Can you make an agreement to buy someone's house when they die in advance? Can elderly people set this up to be iron clad?

Yes, you can. This is called a Life Estate. They sell the house, and in return they retain the right to live there for the rest of their life. In legal terms, it is an estate in real property that ends at death when ownership of the property passes to another person.The owner of a life estate is called a "life tenant". The person who becomes sole owner when they die is called the “remainderman”. In UK and US, the life tenant has the right to possession and enjoyment of the property, but once the tenant dies the property will revert to the remainderman.[1][1][1][1]Life estate deeds are the oldest form of deed for avoiding probate at death and are well-established in most states. They bypass the will and are an easy way to cut unwanted people out of a person’s will.Footnotes[1] Life estate - Wikipedia[1] Life estate - Wikipedia[1] Life estate - Wikipedia[1] Life estate - Wikipedia

My brother wants to buy my parents' house to help them out, should the siblings sacrifice our equity to help them too? They bought the house for 75k six years ago; Zillow says it is worth 175k now. Parents owe 60k, which is what brother would pay.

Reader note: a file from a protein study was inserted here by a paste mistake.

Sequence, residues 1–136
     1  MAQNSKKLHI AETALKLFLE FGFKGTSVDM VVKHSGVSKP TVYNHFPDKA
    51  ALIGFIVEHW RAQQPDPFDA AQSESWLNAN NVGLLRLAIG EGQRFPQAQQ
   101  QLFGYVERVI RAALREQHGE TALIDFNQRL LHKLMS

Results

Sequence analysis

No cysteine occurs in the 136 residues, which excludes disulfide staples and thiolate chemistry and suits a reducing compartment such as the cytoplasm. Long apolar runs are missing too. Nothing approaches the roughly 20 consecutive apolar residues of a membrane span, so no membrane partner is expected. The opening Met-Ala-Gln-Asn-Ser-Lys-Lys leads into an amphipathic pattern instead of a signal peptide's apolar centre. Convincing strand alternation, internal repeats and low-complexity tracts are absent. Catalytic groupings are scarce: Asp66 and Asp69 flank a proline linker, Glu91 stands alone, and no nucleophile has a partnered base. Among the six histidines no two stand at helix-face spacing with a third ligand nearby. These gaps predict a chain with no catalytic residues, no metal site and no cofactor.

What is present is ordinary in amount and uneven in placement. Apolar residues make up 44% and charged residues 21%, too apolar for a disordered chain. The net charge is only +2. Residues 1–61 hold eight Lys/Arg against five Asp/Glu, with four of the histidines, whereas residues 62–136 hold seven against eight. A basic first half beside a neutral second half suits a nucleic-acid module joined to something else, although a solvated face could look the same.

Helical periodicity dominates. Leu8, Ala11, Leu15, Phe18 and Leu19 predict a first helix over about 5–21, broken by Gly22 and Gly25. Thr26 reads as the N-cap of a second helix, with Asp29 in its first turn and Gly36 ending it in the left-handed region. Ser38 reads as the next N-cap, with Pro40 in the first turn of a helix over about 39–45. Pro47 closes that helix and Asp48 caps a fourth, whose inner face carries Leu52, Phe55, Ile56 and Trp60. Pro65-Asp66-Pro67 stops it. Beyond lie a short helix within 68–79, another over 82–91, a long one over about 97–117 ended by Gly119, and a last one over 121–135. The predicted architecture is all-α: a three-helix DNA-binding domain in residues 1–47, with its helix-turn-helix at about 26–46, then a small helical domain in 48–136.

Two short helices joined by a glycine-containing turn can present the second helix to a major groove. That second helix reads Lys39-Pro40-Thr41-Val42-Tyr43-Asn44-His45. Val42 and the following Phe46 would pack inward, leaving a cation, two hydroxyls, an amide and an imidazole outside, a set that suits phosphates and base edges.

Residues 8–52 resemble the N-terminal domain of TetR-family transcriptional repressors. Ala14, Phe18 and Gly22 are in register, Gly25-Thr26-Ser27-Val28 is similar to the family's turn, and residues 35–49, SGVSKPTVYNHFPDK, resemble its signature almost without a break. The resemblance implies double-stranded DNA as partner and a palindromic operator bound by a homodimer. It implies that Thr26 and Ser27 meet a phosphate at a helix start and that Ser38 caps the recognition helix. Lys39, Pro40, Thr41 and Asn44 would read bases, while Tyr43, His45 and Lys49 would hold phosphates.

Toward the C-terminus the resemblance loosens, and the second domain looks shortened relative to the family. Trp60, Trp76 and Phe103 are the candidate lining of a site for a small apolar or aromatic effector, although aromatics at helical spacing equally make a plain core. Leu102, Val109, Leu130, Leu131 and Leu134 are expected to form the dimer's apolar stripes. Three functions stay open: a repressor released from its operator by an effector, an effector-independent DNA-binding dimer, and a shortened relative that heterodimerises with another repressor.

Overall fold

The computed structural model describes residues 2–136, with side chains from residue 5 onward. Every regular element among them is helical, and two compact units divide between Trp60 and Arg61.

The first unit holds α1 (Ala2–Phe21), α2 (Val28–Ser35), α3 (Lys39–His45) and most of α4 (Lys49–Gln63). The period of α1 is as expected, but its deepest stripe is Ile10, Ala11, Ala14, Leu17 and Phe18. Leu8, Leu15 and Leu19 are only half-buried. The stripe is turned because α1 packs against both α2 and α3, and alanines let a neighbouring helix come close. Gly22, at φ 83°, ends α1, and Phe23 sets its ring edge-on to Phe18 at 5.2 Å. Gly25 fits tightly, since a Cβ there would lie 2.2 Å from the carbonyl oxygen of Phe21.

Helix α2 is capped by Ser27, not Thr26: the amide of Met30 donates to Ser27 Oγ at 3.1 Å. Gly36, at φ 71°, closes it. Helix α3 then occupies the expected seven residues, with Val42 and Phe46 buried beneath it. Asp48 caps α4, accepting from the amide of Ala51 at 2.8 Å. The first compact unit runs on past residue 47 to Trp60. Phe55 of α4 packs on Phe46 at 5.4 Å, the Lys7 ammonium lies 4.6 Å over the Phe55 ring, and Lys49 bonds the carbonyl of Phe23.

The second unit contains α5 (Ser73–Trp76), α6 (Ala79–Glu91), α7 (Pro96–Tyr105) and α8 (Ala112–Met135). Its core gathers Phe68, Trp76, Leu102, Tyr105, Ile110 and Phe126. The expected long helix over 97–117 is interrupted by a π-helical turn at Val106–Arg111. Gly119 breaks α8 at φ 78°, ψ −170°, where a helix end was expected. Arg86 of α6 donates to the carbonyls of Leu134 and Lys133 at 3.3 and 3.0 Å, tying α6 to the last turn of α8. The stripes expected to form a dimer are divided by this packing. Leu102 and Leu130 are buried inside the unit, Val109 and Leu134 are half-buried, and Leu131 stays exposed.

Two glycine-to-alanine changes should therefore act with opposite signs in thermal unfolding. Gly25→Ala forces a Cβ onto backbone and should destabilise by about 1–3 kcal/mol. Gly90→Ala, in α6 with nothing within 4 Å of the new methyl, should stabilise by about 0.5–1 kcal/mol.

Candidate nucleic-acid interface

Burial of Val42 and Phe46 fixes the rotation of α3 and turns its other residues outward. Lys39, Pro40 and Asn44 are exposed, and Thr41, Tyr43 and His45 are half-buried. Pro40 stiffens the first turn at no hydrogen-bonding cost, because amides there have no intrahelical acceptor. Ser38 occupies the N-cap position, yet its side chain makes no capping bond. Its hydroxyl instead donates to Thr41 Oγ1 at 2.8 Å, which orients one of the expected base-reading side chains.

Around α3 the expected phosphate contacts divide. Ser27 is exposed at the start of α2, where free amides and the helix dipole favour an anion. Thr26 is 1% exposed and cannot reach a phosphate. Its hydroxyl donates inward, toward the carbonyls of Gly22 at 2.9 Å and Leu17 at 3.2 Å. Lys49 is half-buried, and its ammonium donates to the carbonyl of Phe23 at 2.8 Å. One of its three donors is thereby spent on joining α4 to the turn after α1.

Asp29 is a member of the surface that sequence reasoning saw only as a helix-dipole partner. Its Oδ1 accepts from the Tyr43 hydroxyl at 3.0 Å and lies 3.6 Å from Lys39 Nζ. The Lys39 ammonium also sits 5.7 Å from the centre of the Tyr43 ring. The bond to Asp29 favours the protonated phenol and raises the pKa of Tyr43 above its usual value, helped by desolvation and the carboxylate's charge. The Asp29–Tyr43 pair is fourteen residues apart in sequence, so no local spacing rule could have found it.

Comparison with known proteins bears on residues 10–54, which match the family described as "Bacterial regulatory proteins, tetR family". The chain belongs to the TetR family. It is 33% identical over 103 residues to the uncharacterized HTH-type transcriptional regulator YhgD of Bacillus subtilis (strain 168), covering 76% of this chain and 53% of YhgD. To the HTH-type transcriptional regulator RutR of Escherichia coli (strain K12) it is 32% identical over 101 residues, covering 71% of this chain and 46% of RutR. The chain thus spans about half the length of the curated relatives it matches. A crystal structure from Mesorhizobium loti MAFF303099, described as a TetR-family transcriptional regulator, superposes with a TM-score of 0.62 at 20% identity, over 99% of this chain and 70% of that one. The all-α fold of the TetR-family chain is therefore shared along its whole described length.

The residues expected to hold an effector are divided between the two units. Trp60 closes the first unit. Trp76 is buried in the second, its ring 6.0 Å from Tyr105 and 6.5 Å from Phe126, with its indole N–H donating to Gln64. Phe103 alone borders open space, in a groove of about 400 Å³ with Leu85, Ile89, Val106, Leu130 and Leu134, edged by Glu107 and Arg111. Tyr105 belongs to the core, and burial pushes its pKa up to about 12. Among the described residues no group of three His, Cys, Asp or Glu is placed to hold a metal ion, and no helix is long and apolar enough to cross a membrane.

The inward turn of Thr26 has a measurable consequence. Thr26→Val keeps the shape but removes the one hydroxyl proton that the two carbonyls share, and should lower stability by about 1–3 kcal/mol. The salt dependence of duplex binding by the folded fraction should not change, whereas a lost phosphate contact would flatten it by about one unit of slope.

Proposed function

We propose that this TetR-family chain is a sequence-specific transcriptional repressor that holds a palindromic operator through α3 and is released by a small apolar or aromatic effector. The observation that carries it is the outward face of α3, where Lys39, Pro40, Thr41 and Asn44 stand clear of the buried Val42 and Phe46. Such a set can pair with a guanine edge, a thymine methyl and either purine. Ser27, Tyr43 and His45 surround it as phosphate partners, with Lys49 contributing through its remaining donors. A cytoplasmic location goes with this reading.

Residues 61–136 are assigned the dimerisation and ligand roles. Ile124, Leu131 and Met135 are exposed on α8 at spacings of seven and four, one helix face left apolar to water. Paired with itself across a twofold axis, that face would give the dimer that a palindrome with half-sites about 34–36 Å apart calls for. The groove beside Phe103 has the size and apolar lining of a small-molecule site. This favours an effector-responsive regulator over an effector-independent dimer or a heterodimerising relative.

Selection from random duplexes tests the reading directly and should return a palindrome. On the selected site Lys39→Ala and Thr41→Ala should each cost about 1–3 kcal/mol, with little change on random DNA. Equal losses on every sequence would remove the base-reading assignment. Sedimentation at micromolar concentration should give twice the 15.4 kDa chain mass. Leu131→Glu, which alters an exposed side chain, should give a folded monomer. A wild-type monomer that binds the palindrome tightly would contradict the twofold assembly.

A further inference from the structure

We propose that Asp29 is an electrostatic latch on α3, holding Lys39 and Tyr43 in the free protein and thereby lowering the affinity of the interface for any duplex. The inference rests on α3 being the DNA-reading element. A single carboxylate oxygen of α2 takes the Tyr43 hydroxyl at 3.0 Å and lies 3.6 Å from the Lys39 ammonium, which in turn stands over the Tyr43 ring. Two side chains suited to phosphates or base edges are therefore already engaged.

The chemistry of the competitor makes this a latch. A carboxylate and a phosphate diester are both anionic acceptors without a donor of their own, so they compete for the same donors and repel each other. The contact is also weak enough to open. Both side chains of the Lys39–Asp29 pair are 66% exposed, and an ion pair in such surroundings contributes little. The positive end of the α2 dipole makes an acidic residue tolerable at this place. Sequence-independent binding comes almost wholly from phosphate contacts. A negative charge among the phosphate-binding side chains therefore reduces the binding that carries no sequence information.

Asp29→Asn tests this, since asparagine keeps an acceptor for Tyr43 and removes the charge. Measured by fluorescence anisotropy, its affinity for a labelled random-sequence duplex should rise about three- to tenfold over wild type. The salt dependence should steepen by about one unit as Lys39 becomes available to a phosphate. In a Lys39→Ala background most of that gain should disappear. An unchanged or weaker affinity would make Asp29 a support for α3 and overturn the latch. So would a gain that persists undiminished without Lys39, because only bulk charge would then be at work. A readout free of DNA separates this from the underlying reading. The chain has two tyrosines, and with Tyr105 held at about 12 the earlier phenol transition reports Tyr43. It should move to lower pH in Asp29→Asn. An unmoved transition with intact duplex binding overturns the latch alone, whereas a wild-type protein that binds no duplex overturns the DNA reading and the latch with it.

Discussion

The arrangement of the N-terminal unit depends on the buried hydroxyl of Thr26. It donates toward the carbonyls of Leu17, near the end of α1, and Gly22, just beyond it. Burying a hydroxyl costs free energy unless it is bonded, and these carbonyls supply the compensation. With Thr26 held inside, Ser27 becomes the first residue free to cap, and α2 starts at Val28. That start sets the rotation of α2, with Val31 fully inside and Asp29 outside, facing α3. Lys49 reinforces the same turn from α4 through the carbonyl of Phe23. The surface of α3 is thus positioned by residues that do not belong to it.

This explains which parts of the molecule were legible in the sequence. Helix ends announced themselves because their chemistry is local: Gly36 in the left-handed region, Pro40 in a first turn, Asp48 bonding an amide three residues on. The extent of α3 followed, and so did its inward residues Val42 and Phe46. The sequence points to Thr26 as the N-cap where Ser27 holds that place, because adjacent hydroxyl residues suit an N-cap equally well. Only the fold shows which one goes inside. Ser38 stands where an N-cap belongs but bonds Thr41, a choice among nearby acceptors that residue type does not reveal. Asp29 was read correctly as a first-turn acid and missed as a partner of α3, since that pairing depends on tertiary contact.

Assuming the Zillow price is accurate (which is a huge question mark for me, depending on where you live and how much of a deal they got at purchase) net equity currently in the home is 115,000. We’ll go with that for sake of argument.You mention siblings, so I’m going to assume there’s at least 3 of you total.If your parents both died tomorrow, and you sold the house and distributed the proceeds, you would each net approximately $38,300, presuming your parents wills divide any proceeds equally among you.Your brother is proposing to “help” your parents buy paying off the mortgage of $60,000, and apparently have the deed transferred to himself.On paper, he just gained $115,000 in equity, and your parents no longer have a mortgage payment, saving them somewhere on the order of $600 a month if their property tax and homeowners costs are similar to mine, as I paid about what they did for my home.Rather than having a potential $38,300 inheritance at today’s price assumption, you and your sibling now have $0 potential inheritance as far as the house goes, all of that transferring to your brother.Is it fair? No.It it legal? Whatever your parents choose to do — presuming they are competent — they can do.That said, I generally think it’s a horrible idea for a number of reasons.Your parents continued residence in the home is now subject to the whim of your brother or his heirs if no life estate is created during the transaction (more on that in a minute). Example, if your sister in law hates your parents, and your brother dies next month, without legal protection, she could evict them.While your brother may truly be trying to be helpful to your parents, there are other ways to do that without taking a major asset out of your parents’ estate.I don’t know what your current family dynamics are, but this is prime feeding for resentment, hostility, and broken relationshipsLife estate - a life estate is where one party (your parents) own the property for the remainder of their lifetime, and when they pass it reverts to the original owner. So if your brother buys it, for them to be able to remain there, they need to be protected by a legal agreement, a life estate being one way of handling that. Yes, this will mean a qualified real estate attorney.Other options include a reverse mortgage, but tread carefully there, they have some significant downsides.If your parents’ intent is to divide their entire estate equally among you and your siblings, their will could be updated to count that equity as already distributed to your brother before he gets anything else from the estate. If there’s not enough anticipated to be in the estate when they pass, that might not be agreeable.All of this should be discussed openly with the entire family. Your parents may not be comfortable having such a discussion, but their continued occupancy of the home needs to be legally secured if such a transaction would take place.Tread cautiously, your parents need a lawyer of their own to advise them, outside of any lawyer engaged by your brother for the transaction. One lawyer should not advise them both.